From time to time, when I mention bike touring, I get a question: Why bike tour?… Why travel by bike?…
One could quickly think of an exercise that the cyclist gets when touring. However, it might appear that motorized mode of travel is a lot better. You travel faster, so you cover more distance and see more. It is safer. You are protected by car’s body and all the safety features like seat belts and air bags. When you travel by bus or train, you don’t have to worry about driving, directions, etc.
So, on the surface, it appears that car, or other motorized travel, is a lot better than bike travel.
However, there are not so obvious benefits of bike touring that make it very enticing to travel by bike.
Obviously, you need to be in decent shape to do it. (And I don’t mean – you need to be an Olympic athlete.) Otherwise, you will not get any headway, or you will arrive at your daily destinations dead tired. And unable to do anything else.
Some bike touring blogs suggest that you don’t need any training. That you get in shape while you progress on your tour. However, I think they are written by young people, or people who are quite fir because of their lifestyle.
When you are young, you can get away with it. You get in shape quickly! Your body recovers quickly! For middle-aged and older people, I would advise doing some training before the tour. Especially, if you are not a life-long cyclist.
But let’s get to the benefits of bike travel…
Increased Human Contact
One of them is contact with other people. When you travel by bike, you get to talk to many more people than you would if you traveled by car. In some areas it is because people there do not see too many cyclists bike touring through their area. So, when they see one, they are curious, where you are going from and to… Why are you traveling by bike?… How can you fit all your gear (kit) in “those small bags” attached to your bike?… For many, it is such an alien, to them, difficult and hard to even imagine way of travel, that they have to ask about it. On the other hand, I’ve run into people, who just want to share their, usually much smaller, bike adventures.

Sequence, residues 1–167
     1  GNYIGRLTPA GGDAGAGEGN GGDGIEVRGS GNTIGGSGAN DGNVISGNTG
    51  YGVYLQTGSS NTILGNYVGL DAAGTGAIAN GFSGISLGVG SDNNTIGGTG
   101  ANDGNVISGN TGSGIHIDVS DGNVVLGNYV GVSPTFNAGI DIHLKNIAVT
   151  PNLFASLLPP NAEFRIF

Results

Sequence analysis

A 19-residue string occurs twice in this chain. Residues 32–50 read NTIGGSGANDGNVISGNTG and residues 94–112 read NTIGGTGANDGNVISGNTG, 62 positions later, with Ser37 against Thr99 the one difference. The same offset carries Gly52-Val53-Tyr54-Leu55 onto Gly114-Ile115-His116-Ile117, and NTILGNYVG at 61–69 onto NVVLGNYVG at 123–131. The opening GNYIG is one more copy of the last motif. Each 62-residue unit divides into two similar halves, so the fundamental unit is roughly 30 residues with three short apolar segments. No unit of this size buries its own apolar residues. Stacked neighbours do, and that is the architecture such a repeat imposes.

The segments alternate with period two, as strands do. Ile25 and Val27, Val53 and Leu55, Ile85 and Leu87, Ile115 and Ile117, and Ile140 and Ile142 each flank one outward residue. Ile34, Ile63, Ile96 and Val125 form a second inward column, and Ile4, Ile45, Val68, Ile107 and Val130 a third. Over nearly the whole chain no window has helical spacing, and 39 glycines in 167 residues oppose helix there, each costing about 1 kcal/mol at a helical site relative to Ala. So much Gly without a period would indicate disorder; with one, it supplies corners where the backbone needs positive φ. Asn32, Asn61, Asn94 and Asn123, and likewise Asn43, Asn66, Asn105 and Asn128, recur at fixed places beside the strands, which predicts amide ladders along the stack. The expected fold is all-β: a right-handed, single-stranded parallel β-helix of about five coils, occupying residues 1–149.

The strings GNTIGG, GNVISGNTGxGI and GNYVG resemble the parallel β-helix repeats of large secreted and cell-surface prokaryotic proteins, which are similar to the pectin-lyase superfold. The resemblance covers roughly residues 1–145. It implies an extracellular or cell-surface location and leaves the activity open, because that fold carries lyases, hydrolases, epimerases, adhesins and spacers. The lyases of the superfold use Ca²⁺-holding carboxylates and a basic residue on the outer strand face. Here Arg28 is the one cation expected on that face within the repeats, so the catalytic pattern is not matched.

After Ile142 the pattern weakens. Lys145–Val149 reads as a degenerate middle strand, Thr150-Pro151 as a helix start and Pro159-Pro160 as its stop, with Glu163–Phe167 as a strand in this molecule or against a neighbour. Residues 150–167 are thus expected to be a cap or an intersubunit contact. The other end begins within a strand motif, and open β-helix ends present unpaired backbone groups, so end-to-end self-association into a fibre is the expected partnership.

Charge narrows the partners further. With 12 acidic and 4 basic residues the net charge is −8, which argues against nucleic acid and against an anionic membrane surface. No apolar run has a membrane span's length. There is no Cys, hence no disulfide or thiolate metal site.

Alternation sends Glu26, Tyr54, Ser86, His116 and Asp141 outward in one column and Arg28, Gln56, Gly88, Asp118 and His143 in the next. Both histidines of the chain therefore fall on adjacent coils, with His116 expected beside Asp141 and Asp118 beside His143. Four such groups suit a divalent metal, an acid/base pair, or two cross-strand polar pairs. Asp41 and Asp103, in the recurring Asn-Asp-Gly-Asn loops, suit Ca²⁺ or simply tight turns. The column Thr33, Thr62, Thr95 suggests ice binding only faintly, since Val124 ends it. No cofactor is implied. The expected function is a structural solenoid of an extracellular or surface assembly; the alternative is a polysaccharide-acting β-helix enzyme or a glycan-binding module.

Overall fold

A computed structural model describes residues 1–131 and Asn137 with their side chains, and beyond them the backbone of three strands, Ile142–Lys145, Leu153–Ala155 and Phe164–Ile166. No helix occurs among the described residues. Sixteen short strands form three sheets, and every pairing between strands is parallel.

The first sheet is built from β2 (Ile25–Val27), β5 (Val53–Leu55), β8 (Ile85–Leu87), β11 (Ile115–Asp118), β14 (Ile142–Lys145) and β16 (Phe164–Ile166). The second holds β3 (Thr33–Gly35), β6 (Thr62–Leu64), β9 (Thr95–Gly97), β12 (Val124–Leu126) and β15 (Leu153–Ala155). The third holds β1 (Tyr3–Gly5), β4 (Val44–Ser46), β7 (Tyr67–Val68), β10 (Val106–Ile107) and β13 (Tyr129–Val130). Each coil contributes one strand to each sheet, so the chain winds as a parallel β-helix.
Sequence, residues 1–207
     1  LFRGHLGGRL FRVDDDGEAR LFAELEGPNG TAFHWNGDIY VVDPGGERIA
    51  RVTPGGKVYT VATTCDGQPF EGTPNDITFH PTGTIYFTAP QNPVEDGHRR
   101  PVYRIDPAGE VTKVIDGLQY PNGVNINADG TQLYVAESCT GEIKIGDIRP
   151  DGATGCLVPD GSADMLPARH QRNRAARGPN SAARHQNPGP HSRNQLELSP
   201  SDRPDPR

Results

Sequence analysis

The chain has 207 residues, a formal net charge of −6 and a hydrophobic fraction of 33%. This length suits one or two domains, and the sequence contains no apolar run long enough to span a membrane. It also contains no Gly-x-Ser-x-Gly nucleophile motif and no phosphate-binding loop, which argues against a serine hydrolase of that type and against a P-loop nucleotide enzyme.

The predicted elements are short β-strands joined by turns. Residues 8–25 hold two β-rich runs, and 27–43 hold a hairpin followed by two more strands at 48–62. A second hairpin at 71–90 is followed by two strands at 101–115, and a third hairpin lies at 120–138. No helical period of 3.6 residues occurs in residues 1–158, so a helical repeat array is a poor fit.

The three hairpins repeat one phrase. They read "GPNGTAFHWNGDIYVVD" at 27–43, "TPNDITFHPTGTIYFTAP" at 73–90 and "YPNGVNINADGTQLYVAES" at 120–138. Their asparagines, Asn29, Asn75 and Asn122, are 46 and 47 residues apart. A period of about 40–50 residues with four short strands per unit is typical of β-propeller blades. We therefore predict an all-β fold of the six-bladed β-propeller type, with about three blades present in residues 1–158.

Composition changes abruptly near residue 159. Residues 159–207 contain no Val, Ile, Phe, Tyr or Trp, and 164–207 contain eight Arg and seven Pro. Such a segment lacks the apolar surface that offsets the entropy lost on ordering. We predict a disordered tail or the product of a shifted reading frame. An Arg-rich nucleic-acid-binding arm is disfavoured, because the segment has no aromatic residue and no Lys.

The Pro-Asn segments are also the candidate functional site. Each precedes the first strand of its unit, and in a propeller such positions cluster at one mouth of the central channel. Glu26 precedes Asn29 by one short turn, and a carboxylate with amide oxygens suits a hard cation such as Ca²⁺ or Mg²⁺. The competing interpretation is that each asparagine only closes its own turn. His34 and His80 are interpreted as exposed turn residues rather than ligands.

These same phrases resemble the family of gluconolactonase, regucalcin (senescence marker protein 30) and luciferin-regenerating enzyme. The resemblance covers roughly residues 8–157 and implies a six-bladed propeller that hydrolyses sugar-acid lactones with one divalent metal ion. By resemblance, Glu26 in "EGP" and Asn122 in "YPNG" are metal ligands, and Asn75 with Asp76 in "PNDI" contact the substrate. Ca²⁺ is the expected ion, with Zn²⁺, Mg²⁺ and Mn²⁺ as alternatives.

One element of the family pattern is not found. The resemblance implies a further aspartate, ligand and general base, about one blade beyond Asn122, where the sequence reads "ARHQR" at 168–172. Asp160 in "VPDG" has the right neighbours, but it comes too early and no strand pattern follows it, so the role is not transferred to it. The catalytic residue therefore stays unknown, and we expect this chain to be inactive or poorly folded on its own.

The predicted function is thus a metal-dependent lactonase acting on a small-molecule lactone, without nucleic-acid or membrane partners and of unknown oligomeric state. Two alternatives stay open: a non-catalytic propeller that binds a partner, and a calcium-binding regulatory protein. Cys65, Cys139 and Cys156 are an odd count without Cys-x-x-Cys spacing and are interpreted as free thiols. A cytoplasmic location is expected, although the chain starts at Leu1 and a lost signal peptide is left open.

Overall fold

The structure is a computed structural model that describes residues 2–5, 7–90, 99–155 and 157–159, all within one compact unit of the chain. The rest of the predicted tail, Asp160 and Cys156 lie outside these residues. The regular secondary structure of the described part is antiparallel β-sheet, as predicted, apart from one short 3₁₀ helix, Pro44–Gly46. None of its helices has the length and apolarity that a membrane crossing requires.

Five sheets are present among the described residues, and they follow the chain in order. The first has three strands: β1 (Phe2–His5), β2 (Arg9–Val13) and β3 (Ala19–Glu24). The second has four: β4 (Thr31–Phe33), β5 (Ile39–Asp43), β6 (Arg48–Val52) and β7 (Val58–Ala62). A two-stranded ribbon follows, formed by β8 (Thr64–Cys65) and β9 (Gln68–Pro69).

In many popular areas, the locals, simply hide inside, when the hoards of car tourists arrive, but an unusual bike tourer will spark their curiosity.
So, when you bike travel, you will have a greater human interaction, than during car travel.
You can often ride your bike, where cars are not allowed. Often, when touring in the vicinity of one of the Great Lakes, I ride my bike straight to the beach. I don’t have to worry about crowded parking, or long access trails. Usually, there are no restrictions for bikes. Once, I hit sand, I have to walk it. But I can park it right by the water and don’t have to worry about my stuff.
In Europe, you can ride into, often, closed to motorized traffic city centers. In many countries, there are dedicated bike paths or trails, which often go through some scenic areas. Usually, the scenery is more interesting, that the one you see from a car’s window while driving on a freeway.
Often, in the cities, bike trails go through parks, along the water front. (Detroit, Chicago, Traverse City, etc.)
If your budget is limited, traveling by bike might be the right choice. It, definitely, is cheaper, because you don’t need fuel. The bike is much cheaper than a car (or car rental).
Just “google” some world bike touring blogs, and you will read stories of people bike traveling for months on a small budget.
Most money is spend on accommodations and food. You can make it really cheap if you camp in the wild, or stay at WarmShowers accommodations or hostels and avoiding hotels, motels and campgrounds. You cook your own meals instead of going to bars and restaurants.
Now, you might think that this is great when you tour in some third world countries, where everything is cheap. However, I found some blogs where cyclists toured some expensive areas of the world like California. When I looked at their expense report, it seemed unbelievably low and hard to believe. But when I looked at their itemized expenses, I realized that the numbers were correct. So, it can be done!